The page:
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Empty care sites set to become doctors’ homes

By Abbey Morton
Dumfries and West
Empty care sites set to become doctors’ homes

PLANS to convert residential care homes into accommodation for trainee doctors have been given the go-ahead.

NHS Dumfries and Galloway applied to renovate five properties at Nithbank in order to create houses of multiple occupancy (HMO) for use by 24 trainee doctors who are part of the Scottish Graduate Entry Medicine (Scot GEM) programme, a four-year training course funded by the Scottish Government.

The development will offer 24 rooms, with a mixture of en suite and shared bathroom facilities, as well as communal living and cooking spaces.

There are 13 car parking slots shown in plans, but in correspondence it has been confirmed that there is ample available parking at an adjacent NHS site serving the sexual health and family planning clinic.

In a supporting letter, Nicoll Milne, asset and contract manager with NHSDG, wrote: “The trainee doctors course period is currently four years, however this is an ongoing process and we expect there to be a rolling programme of trainees for the foreseeable future.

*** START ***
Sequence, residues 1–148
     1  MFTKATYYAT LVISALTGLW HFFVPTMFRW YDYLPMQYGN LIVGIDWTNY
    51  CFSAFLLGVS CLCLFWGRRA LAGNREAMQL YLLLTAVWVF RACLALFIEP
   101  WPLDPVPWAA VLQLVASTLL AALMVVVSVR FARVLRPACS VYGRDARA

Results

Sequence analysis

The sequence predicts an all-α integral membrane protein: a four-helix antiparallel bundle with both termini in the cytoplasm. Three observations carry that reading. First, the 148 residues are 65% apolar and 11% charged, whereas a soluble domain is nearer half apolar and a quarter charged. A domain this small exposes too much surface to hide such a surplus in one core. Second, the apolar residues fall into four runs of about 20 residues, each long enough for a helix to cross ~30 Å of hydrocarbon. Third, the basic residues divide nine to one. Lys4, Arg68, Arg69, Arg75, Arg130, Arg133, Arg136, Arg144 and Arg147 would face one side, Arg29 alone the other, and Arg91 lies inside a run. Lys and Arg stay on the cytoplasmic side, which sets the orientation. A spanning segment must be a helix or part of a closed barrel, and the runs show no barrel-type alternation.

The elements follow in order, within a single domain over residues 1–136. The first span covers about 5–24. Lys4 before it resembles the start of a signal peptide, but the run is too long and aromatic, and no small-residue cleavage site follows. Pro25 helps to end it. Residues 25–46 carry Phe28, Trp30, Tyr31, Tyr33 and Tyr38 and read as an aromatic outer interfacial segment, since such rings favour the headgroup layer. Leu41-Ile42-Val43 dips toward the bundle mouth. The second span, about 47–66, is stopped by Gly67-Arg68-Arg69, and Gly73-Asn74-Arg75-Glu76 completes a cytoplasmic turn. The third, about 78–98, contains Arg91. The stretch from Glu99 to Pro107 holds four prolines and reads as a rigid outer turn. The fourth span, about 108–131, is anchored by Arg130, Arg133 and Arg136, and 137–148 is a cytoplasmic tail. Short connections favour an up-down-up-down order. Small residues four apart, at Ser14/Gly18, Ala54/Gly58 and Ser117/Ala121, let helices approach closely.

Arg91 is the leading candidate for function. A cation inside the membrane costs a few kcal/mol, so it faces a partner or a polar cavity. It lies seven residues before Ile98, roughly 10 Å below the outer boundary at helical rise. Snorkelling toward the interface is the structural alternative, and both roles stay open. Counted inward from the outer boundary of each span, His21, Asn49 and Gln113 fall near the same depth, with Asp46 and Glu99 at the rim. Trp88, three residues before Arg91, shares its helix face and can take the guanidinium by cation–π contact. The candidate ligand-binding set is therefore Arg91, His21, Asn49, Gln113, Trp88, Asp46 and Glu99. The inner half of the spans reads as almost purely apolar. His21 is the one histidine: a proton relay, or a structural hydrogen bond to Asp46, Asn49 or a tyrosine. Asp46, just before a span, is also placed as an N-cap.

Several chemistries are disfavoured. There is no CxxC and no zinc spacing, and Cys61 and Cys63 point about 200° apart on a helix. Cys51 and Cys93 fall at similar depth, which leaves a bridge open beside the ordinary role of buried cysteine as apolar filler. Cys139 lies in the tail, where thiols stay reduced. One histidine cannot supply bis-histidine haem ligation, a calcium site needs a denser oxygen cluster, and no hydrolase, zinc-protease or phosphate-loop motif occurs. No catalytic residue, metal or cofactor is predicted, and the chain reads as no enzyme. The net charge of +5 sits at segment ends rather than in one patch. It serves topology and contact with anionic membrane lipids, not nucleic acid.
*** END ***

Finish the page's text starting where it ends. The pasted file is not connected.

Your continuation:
“In order to facilitate the conversion of the existing buildings into suitable HMO accommodation, we have engaged a professional team to support this project and arrange for a building warrant application to be lodged to ensure compliance with the building standards and as a natural consequence the requirements of a HMO.”

The buildings were previously used as care homes and were staffed and managed by NHS Dumfries and Galloway.

They feature individual rooms currently but are not up to current standards from either a building warrant or HMO licence perspective. And a further letter, from head of estates and property Ian Bryden, to planners reads: “This accommodation will provide much needed student and junior doctors for the region.

“In addition, the proposal to repurpose and upgrade existing vacant NHS buildings located within the town is key in terms of providing appropriate accommodation for the student doctors.

“The buildings proposed to be HMOs have been vacant for a significant period.

“Most student doctors will be located at the DGRI.”

The plans were met with one objection – from a resident at nearby Carruthers Cottages – on the grounds that it is a very quiet area and existing residents are all over 70, and by bringing in 24 people it will ‘change the vibe’.

The person also commented that the site neighbours a primary school and would be better suited to families, or to help the delayed discharge problem at the hospital.

ABOVE: trainee doctors at DGRI


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